Let me be clear: Many if not most endurance athletes race too often. I consider over-racing to be one of the most common and costly forms of self-sabotage in endurance sports. Check out this past post of mine for a full rant on the topic. But in this post I’m going to toss a curveball at you by talking about the benefits of selectively racing at certain times when common sense might say you shouldn’t.

I’m talking about rust busters, as they are commonly known. The ideal time to do a rust-buster race is at or near the point at which you transition from base training to specific training in preparation for an important event. At this point you are fit enough to compete without hurting yourself yet still far from peak fitness. In terms of distance, rust busters generally should be relatively short so they don’t take too much out of you. For example, if you’re doing an 18-week marathon buildup, you might do a 10K at the end of Week 6.

What are the benefits of this practice? I can think of four:

1. See where you are

Late base training is a time when many athletes aren’t sure how fit they are. At this juncture it’s been a while since your last peak race, which presumably was followed by a break from formal training and then the laying of a new fitness foundation. Athletes may be particularly clueless about their fitness when the present training cycle has a different focus than the last, as is the case for me now. Having raced an Ironman triathlon a couple months ago, I’m now targeting a marathon. I therefore threw myself into a 10K road race last week to get an assessment of my current running-specific fitness level. I will use my result to set appropriate pace and time targets for important workouts in the weeks ahead.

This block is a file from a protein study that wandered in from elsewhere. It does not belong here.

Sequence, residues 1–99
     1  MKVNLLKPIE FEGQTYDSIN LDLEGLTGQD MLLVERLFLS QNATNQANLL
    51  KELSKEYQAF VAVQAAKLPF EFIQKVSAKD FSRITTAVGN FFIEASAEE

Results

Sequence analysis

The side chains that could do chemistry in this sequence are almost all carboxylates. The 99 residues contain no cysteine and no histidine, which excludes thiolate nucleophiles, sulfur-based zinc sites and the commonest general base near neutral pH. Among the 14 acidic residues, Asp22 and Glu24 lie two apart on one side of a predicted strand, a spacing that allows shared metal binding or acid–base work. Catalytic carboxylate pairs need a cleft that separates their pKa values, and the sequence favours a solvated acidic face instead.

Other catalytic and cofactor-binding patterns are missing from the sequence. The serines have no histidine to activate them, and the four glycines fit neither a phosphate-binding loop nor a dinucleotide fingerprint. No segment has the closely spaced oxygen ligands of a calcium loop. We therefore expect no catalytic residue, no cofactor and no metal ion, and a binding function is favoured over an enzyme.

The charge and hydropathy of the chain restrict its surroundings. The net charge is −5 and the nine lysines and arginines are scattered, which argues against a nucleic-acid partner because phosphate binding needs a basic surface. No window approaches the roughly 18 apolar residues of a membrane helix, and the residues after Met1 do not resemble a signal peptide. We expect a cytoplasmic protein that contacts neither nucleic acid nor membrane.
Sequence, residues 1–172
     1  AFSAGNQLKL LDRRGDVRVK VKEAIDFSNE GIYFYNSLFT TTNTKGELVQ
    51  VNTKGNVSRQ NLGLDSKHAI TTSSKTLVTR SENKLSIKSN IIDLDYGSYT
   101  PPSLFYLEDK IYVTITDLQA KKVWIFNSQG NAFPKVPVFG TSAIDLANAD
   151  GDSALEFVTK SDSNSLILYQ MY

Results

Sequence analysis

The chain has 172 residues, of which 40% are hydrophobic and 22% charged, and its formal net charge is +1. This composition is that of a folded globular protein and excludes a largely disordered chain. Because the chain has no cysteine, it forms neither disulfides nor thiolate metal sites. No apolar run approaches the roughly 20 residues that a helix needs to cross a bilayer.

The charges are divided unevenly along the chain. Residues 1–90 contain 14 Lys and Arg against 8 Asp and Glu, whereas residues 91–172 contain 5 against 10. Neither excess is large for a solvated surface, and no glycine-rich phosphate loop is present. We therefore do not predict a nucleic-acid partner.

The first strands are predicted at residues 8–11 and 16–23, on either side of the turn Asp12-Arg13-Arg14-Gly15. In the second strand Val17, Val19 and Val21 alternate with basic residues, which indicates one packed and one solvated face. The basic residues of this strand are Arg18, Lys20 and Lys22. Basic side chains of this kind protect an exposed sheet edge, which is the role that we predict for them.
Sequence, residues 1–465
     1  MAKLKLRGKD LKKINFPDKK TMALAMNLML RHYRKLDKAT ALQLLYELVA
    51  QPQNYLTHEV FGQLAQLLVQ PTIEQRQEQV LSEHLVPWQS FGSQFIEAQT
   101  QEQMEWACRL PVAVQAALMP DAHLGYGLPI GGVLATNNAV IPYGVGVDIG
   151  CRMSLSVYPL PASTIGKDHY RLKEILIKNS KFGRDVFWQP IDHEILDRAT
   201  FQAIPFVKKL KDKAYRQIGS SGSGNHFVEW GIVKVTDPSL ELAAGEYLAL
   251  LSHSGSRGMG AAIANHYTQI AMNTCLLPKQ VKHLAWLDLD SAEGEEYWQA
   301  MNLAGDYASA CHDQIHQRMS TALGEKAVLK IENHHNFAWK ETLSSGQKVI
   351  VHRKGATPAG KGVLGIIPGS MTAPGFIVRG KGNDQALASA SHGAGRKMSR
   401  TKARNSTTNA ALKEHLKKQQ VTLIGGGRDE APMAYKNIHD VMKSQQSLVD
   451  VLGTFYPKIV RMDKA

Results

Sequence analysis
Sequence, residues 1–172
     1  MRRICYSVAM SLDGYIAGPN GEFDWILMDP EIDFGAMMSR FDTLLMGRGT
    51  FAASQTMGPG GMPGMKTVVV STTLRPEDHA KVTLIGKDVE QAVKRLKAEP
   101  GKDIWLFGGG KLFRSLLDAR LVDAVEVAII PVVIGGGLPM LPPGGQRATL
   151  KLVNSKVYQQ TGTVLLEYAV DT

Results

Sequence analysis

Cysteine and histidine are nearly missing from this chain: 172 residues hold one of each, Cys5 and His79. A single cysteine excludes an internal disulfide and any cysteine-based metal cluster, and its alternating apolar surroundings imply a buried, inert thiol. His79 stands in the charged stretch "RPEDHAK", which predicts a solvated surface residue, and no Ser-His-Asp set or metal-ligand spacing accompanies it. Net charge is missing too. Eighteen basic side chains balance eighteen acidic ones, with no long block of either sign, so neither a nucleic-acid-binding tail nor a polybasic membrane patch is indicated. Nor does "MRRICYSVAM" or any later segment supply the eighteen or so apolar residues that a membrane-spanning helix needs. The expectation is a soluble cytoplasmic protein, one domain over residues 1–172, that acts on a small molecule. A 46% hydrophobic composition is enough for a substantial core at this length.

2. Shock the system

To find success as an endurance athlete, you need to be good at suffering. Some athletes are naturally better than others in this regard, but research has shown that even the toughest athletes aren’t equally tough all the time. Rather, individual athletes experience circumstantial fluctuations in mental toughness. Generally speaking, athletes show more toughness and more resilience as they get deeper into their training closer to competition. 

On the flipside, we are seldom weaker as athletes than at the end of base training, when our last race is far behind us and our hardest training still lies ahead. Racing at this time can serve as a remedial course in suffering. Even if you don’t perform especially well (and you shouldn’t expect to), going through the experience may help you dig deeper in, and get more out of, the training that follows.

3. Scratch the itch

One of the reasons so many endurance athletes over-race is that they love racing.  Another benefit of rust-buster races is that they provide a non-self-sabotaging outlet for competitive hunger. By scratching this particular itch at a relatively early point in the training process, you’re likely to be less tempted to disrupt your specific training with ill-timed competitions later on.

4. The post-race bump

Building fitness is seldom a linear progress. More often it’s what the biologist Stephen Jay Gould called a punctuated equilibrium, where periods of relative stasis are broken up by abrupt leaps forward. It has been my consistent experience, both as an athlete and as a coach, that rust-buster races precipitate forward leaps. This makes sense, right? After all, from a physiological perspective, a race is just another workout, only harder, hence a more potent training stimulus.

There, I’ve given you four good reasons to plan and execute rust-buster races. Now go find one!